Speaker: Professor Robert Calderbank
If we look back at 1946, a computer was essentially a physics experiment, and the same is true of quantum computers today. Peter Shor showed that if a quantum computer could be built then it would be possible to compromise public key cryptography by factoring integers exponentially faster than the best known classical computer. His discovery led to an explosion of interest in the field. The potential of quantum computing is derived from coherent quantum superposition, or entanglement, which allows a large number of calculations to be performed simultaneously, and this coherence is lost as a quantum system interacts with its environment. In classical computing one can assemble computers that are much more reliable than any individual component by exploiting error correcting codes. In quantum computers this was originally thought to be precluded by the Heisenberg Uncertainty Principle, because redundancy cannot be obtained by duplicating quantum states.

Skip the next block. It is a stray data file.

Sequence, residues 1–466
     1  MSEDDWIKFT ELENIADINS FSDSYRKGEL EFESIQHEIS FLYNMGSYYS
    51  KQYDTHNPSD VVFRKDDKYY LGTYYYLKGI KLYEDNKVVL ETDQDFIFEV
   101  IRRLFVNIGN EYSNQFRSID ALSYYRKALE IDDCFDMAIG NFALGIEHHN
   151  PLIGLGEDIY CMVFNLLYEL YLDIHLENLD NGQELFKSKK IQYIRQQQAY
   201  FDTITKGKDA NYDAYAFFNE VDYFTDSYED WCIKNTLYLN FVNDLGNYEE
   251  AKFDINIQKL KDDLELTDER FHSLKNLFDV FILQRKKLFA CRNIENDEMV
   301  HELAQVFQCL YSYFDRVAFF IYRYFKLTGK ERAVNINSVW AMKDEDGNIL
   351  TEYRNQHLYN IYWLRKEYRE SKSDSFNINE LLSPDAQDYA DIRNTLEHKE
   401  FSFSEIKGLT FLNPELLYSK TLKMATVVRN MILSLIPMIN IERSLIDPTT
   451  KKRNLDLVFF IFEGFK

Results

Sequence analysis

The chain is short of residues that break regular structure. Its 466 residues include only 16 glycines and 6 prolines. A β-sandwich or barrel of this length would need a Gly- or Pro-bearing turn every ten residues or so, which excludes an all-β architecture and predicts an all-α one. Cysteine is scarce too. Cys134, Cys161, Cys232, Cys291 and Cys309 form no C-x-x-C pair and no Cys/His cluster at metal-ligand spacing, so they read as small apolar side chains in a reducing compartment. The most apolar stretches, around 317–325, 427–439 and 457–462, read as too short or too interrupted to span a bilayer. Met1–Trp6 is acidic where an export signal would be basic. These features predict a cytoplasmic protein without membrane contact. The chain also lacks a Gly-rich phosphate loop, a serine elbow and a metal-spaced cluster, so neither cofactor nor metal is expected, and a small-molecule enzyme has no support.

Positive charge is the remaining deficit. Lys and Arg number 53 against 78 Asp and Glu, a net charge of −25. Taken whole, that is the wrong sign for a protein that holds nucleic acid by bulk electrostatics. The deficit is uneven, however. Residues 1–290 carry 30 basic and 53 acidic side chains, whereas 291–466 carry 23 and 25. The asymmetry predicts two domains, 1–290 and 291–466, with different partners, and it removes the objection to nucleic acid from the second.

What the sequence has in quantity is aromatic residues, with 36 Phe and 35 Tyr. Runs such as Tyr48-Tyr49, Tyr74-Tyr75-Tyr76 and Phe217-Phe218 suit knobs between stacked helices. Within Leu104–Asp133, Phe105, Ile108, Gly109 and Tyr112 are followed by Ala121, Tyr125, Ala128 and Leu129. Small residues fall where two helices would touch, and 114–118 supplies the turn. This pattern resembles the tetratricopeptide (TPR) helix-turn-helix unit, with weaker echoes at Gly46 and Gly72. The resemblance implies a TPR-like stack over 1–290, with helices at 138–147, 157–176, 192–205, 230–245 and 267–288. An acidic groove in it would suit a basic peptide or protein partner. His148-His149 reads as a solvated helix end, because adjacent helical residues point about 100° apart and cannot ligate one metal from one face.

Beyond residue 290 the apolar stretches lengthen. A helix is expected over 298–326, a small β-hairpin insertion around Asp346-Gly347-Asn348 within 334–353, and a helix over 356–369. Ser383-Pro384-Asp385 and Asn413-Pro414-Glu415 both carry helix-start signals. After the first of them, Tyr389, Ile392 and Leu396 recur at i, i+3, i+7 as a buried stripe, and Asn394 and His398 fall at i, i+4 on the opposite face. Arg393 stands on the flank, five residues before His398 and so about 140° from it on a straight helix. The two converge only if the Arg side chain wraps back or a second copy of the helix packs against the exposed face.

However, this is not so and in 1995 I showed in a joint paper with Peter Shor that good quantum error correcting codes exist. The trick is to take quantum superposition + decoherence, to measure decoherence in a way that gives no information about the original superposition, and then to correct the measured decoherence. This is the stabilizer code framework for quantum computing, and I will describe some recent work demonstrating that this framework might support fault tolerant computation.